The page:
But having promised to
challenge Brussels’ budget guidelines and rules on immigration, the coalition
is already seen at loggerheads with the European Union. There are concerns the
fiscal plans of the two parties involved will cause upheaval for the Italian
economy and create a new sovereign debt crisis.
The yield on 10-year Italian
government bonds TMBMKIT-10Y, +3.60% rose
19 basis points to 2.412%, trading around its highest level since July last
Meanwhile in the U.K., the
British pound slipped to its lowest level since December earlier in the day, as
traders focus on Wednesday’s inflation print in Britain, as well as renewed
Brexit negotiations which kick off in Brussels on Tuesday.
And the Turkish lira was at
the mercy of markets on Monday, tumbling to a fresh record low. Last week,
President Recep Tayyip Erdogan stoked worries about the independence of the
central bank when he told Bloomberg News in an interview that he would become more
involved in monetary policy after his expected re-election in a
June 24 snap election.
There are also concerns
about the Turkish central bank’s ability to stop the weakness of the lira, with
a strong dollar not helping. The lira has tumbled 20% against the dollar this
What are strategists saying?
“The China agreement is a
big win for dollar, because if we look at the various uncertainties that the
U.S. faces, trade was far and away the No. 1 question,” said Marshall Gittler,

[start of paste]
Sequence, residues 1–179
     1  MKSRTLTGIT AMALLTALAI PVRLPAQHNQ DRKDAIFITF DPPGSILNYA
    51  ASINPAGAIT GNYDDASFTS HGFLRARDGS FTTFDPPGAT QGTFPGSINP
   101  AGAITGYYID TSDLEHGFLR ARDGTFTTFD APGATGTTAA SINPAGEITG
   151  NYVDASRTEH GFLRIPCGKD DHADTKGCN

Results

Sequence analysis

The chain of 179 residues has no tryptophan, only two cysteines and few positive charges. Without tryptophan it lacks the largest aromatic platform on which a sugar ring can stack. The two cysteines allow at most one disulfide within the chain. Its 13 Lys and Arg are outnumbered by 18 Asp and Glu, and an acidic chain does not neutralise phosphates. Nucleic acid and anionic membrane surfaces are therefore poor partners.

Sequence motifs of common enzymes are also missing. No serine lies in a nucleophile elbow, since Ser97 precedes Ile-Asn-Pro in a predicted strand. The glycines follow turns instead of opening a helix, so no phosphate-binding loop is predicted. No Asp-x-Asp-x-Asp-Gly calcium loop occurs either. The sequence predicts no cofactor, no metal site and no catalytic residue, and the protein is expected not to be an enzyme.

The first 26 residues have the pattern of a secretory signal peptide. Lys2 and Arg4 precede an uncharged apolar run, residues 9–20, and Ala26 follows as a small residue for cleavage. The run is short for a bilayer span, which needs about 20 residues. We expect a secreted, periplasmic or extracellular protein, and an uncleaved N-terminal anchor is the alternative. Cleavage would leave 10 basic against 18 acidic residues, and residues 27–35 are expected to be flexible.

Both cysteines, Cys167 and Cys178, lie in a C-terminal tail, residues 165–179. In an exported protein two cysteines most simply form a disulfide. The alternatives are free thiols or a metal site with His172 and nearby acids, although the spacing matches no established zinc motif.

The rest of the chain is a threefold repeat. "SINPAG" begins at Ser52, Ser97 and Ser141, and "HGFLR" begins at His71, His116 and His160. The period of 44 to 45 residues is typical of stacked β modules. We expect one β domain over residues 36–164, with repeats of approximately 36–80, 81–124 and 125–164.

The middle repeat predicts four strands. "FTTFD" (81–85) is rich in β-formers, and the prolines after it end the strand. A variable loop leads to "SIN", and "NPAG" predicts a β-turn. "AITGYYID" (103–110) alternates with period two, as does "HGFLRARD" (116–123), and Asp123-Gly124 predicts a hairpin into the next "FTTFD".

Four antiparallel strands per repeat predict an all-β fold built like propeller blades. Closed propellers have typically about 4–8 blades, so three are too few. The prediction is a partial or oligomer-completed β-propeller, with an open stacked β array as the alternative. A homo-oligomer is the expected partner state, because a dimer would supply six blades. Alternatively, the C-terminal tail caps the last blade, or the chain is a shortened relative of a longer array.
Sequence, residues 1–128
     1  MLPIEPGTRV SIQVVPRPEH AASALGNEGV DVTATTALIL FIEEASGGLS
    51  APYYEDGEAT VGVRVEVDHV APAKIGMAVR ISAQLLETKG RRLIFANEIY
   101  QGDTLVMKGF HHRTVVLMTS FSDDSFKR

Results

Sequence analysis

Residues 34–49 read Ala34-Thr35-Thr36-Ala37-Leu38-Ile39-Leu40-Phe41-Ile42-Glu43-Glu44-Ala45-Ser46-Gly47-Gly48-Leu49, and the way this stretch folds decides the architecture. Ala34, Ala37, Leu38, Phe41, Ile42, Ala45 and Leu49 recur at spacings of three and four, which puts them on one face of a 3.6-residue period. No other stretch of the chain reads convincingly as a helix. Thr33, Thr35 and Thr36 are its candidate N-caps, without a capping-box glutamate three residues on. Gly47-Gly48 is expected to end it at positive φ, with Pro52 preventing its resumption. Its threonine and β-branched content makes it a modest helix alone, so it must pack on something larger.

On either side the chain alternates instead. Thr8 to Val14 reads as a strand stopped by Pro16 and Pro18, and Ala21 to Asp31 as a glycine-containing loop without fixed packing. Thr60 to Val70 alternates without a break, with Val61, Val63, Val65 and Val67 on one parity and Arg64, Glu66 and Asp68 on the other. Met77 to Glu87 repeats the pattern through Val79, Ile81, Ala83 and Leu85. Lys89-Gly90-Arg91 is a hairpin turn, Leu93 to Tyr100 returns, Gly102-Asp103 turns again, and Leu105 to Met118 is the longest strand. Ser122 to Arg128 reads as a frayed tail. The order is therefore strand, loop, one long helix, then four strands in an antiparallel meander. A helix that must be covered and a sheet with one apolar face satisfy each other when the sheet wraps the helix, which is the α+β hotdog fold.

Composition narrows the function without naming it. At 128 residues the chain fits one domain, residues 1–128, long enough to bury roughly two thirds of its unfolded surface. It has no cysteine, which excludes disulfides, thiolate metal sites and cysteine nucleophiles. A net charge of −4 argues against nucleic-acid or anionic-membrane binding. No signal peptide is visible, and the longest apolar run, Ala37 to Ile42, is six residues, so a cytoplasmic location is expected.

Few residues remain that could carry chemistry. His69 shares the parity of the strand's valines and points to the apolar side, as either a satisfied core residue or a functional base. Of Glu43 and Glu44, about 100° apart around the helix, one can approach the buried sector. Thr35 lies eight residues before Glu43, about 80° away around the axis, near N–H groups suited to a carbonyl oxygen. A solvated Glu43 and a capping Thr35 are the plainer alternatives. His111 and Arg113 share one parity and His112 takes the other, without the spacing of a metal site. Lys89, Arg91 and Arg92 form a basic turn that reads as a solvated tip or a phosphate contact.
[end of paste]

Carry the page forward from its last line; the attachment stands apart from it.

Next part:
chief strategist at ACLS Global, in a note to clients.
“With the uncertainty in
this policy area down somewhat, the dollar should be able to rally further,
especially as uncertainty with regards to the key fiscal and monetary policy
areas in Europe has risen in response to the Italian challenge,” he added.
“Sterling’s downbeat start
to the new week suggests market participants are not too optimistic about the
prospects of a breakthrough in Brexit talks ahead of the next round of
negotiations with Brussels on Tuesday,” said Fawad Razaqzada, market analyst at
Forex.com. “But with sentiment being extremely negative towards the pound, we
think that the probability of it going significantly further lower without a
meaningful bounce may be quite low now. Thus, a rebound here would not come as
surprise to us, especially given the importance of this week from a fundamental
point of view.”
What else is in focus?
The Chicago national
activity index for April rose to 0.34 in April, compared with 0.32 in March.
Atlanta Fed President
Raphael Bostic said he would prefer to shift to a form of a flexible
price-level target for the Fed during a speech at the Atlanta Economics Club.
Meanwhile Philadelphia Fed
President Patrick Harker said he was seeing two or three
more interest rate hikes by the central bank this year. The Fed
raised rates in March and its dot plot shows three rate increases for 2018,
making Harker’s expectation rather hawkish.
Minneapolis Fed President
Neel Kashkari is scheduled to take part in a discussion at Michigan’s Bay
College at 5:30 p.m.
In other assets, U.S.
stocks, including the Dow Jones Industrial Average DJIA, +0.21% ended the
session higher, amid the receding fears of international trade
for the original article from Market Watch.